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movie reviewmovie reviewmovie review out of 4 Movie Review: Entrapment

Starring: Sean Connery, Catherine Zeta-Jones
Director: Jon Amiel
Rated: PG-13
RunTime: 105 Minutes
Release Date: April 1999
Genres: Action, Romance, Thriller

*Also starring: Ving Rhames, Will Patton, Maury Chaykin, Kevin McNally, Terry O'Neill, David Yip

Review by Walter Frith
2½ stars out of 4

Warning: this review contains indirect spoilers!

As far as I'm concerned, with the exception of 'The Hunt for Red October', the 90's have been a bust for Sean Connery. Consider, if you will, films like 'Medicine Man', 'Highlander II: The Quickening', 'First Knight' and last year's disastrous 'The Avengers'. His obvious hand at calling a lot of the shots on the sets of his movies are a mistake. Connery is the kind of movie star/actor who is better at leaving the creative end to directors and writers because Connery's only real talent seems to be his on screen presence. This is confirmed by his obvious capabilities that won him the Oscar in 1987 for 'The Untouchables'. And, Connery, as we all know, is the best James Bond there ever has been and/or ever will be.

Connery, presumably in his last film of the 90's, has redeemed himself with 'Entrapment'. This film is perhaps one of the cleverest and most shifty eyed and perceptive films of the year and probably has one of the best twists since 1995's 'The Usual Suspects'. Not as multi-layered as that film was, 'Entrapment' has an even tempo with little break away moments of wit that make it seem more entertaining than it really is in many scenes. Its ability to compensate for some of its slow spots and weaknesses are the film's greatest asset.

In 'Entrapment', Connery plays a seasoned veteran of crime. A grand old master of burglary who is still in the game not because he needs the money but because he enjoys it. He is not a small time crook. He lives in a castle in the British Isles that looks like it costs several million dollars. He has pampered his living quarters with many posh and upscale artifacts and is a man of culture. An insurance company in New York City is investigating what they believe is his latest theft --- the disappearance of a rare painting. A former FBI man (Will Patton) is now the head investigator for the insurance firm whose top go getter (Catharine Zeta Jones), is excellent as one of his investigative hot shots and believes she can get close to Connery, plan a job with him and turn him in as part of a sting operation. The audience is thrown into a frenzy of guessing games when it appears that Jones is playing all sides to her advantage in order to walk away with all of the loot herself.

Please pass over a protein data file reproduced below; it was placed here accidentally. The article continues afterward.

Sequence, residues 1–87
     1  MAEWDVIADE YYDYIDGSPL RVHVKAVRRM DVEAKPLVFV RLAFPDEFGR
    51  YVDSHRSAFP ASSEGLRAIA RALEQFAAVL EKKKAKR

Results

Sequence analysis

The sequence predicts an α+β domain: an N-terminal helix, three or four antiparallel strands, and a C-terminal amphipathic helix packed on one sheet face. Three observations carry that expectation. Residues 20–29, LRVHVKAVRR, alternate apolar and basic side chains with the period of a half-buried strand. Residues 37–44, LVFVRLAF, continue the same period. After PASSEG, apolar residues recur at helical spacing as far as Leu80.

Director Jon Amiel ('Sommersby', 'Copycat', 'The Man Who Knew Too Little') structures the film like a game of chess. He wraps the film in a riddle and the film is not predictable which is its real pay off. You'll wander through 'Entrapment' finding huge plot holes that are large enough to drive NATO's entire force through but the holes will all be closed as the film hits its final mark. Ron Bass and Michael Hertzberg, originators of the film's story do a good job of creating a plot that doesn't drown in its own premise. This is not an action film. Many of the scenes are very much just a two character story with direct interaction between its two leads. It reminded me in many ways of 1972's 'Sleuth', where Laurence Olivier and Michael Caine tried to outwit each other. Will Patton's character as Jones' boss is also a tepid one although he is on screen very little. Shades of Scott Glenn's character from 'The Silence of the Lambs' are the best way to describes Patton's contribution to the film.

One problem I had with the film were the lazy performances encompassed within its story. Connery and Jones seem very relaxed at times and Jones doesn't have even half of the zest that she possessed in 1998's 'The Mask of Zorro'. Ving Rhames, one of the best character actors of his generation and who is often under used in his films, actually steals some of the scenes he's in with Connery as a man whose loyalties are not quite understood until the film's final moments.

'Entrapment' has a genuine look to it that shows the creative forces were aiming to please all the way and while it's obvious that the film under went several re-writes before getting it right, the performances could have used a little spice and keep it from being a good film but one that is not that memorable.

OUT OF 5 > * * * 1/2

Visit FILM FOLLOW-UP by Walter Frith

* * * * * - a must see * * * * 1/2 - don't miss it * * * * - an excellent film * * * 1/2 - a marginal recommendation * * * - can't quite recommend it * * 1/2 - don't recommend it * * - avoid it * 1/2 - avoid it seriously * - avoid it AT ALL COSTS 1/2 - see it at your own risk zero - may be hazardous to your health

Copyright 2000 Walter Frith

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